Oral Iron Supplementation
What is iron?
Iron is one of the minerals in the human body. It is one of the components of hemoglobin, the substance in red blood cells that helps blood carry oxygen throughout the body.
If you do not have enough iron, your body cannot make hemoglobin, and you may develop anemia. This is known as iron-deficiency anemia, the most common type of anemia.
Factors that can lower your body’s supply of iron include:
- Blood loss (caused by ulcers, some cancers, and other conditions; and, in women, during monthly periods)
- A diet that doesn’t have enough iron in it
- An increase in the body’s need for iron (for instance, in women during pregnancy).
Factors which Affect Iron Absorption and Retention
- The most important factor is your existing iron level. A low iron level will increase absorption, while a high iron level will decrease absorption. In general, you absorb 10-15% of the iron from foods. (1)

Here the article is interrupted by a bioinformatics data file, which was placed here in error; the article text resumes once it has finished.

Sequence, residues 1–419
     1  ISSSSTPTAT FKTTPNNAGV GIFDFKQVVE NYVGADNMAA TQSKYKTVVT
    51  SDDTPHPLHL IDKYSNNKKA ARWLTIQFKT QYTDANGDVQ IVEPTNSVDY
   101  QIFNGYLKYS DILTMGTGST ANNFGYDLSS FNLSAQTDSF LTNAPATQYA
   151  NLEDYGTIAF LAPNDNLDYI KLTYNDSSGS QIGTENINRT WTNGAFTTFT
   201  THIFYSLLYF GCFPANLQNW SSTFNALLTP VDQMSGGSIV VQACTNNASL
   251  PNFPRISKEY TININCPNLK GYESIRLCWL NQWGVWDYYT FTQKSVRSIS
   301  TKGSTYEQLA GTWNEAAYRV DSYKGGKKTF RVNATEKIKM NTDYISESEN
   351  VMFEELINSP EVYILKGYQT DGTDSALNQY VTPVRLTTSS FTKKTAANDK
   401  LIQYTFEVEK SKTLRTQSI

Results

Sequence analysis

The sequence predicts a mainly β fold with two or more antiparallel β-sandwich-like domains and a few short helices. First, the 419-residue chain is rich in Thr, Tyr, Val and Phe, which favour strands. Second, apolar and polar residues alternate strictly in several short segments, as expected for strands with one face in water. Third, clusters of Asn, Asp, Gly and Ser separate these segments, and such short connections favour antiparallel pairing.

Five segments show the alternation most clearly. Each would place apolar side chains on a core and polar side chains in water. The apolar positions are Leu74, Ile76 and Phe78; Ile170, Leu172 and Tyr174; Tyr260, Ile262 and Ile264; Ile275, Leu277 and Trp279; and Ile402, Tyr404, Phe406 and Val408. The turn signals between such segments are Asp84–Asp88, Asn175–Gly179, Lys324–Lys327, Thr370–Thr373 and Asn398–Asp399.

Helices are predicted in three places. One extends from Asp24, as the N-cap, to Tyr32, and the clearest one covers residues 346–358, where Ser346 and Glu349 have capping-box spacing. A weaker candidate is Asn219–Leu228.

- Meat proteins will increase the absorption of non-heme iron. (1)
- Vitamin CÂ will increase the absorption of non-heme iron by as much as 85%. (1,4)
- Tannins, oxalates, polyphenols, and phytates found in tea and coffee can reduce the absorption of non-heme iron by up to 65%. Black tea reduces absorption more than green tea and coffee. (1,4,5)
- The following teas and beverages also inhibit iron absorption: Peppermint tea, cocoa, vervain, lime flower, chamomile, and most other herbal teas containing polyphenols. (5)
- Calcium, polyphenols, and phytates found in legumes, whole grains, and chocolate can reduce absorption of non-heme iron. (1) Further milk and antacids can inhibit absorption of iron supplements. (6)